When it comes to the English name of the capital of Thailand, are you Team Bangkok or Team Krung Thep Maha Nakhon?
The debate raged on late Wednesday night and lasted for days after the Royal Society of Thailand received a nod of approval from the Cabinet, subjected to further scrutiny by experts and the Foreign Ministry, to officially have the English name of the Thai capital altered to Krung Thep Maha Nakhon and to put Bangkok inside a bracket instead.
Despite both the Royal Society and culture minister Itthiphol Kunplome having quickly announced a truce hours later and effectively said both can now be used interchangeably, Thais and foreigners could not help joining the debate and take side for either Bangkok or Krung Thep Maha Nakhon.
Although I am, as a Bangkokian, largely on Team Bangkok, I empathize with those on Team Krung Thep Maha Nakhon as well. Here I will try to passionately assume both stances, one at a time. Let me know which team you are on.
Team Krung Thep Maha Nakhon
The change from Bangkok to Krung Thep Maha Nakhon (or the Great City of Angels) in English is long overdue.
For around two centuries, we have allowed Westerners to refer to our great capital city as Bangkok, a mere district of olive trees according to one version of history. Bangkok is an old name of the place before the city became the capital of Siam and subsequently Thailand.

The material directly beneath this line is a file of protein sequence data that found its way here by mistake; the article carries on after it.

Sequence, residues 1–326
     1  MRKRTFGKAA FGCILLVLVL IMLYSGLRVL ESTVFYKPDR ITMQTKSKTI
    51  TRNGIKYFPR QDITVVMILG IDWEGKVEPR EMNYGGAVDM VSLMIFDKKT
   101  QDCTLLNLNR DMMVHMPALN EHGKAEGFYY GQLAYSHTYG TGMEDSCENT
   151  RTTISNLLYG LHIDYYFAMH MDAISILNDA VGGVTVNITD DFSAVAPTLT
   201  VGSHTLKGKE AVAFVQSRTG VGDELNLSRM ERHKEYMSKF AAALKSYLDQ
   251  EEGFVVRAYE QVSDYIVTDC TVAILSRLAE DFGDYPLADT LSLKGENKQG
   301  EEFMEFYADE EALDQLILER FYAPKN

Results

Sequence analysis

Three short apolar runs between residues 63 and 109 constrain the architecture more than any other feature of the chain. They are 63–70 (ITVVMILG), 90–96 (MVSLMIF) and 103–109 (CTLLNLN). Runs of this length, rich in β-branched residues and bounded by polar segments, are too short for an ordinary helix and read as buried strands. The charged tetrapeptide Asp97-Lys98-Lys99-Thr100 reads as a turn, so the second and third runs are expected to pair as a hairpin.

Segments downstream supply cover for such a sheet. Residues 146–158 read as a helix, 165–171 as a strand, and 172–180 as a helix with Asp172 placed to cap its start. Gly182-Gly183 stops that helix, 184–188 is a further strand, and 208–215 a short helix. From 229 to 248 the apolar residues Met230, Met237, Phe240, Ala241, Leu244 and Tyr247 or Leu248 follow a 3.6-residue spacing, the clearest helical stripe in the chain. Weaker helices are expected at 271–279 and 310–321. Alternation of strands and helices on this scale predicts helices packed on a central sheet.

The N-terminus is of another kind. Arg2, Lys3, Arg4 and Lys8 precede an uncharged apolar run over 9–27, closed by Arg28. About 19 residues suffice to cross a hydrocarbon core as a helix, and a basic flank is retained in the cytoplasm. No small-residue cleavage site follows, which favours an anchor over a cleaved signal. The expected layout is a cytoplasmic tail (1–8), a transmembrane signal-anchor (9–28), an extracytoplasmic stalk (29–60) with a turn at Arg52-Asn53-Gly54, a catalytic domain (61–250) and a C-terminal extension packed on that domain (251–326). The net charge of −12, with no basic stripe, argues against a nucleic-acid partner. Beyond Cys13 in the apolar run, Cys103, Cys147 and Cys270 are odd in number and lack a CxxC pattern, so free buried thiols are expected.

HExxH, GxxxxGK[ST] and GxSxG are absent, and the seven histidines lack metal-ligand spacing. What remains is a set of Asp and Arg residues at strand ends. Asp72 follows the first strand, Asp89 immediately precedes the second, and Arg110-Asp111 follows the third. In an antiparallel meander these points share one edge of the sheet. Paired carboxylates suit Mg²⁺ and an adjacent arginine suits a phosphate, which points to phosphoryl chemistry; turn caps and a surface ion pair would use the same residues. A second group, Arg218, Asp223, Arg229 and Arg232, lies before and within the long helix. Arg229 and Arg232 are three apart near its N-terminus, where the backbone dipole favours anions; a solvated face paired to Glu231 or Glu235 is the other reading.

Many Thai women suffer the needless embarrassment induced by rude sexist jokes made by Westerners of Bangkok being the city where you visit to “bang (your) cock.” Changing the capital’s name in English to match its Thai name, which is Krung Thep Maha Nakhon, is thus the most sensible and right thing to do to honour our great city.
The culture minister was right when he said on Wednesday that while we can use both names interchangeably, the name Krung Thep Maha Nakhon was bestowed by no less than King Rama I, Krung Thep Maha Nakhon as the new capital, and the culture minister will be promoting the use of the name Krung Thep Maha Nakhon in English.
This will honour our great king as well as doing away with the seedy connotations tied to the name Bangkok. I repeat, Krung Thep Maha Nakhon is incomparable to that of the olive tree district that is Bangkok (บางกอก).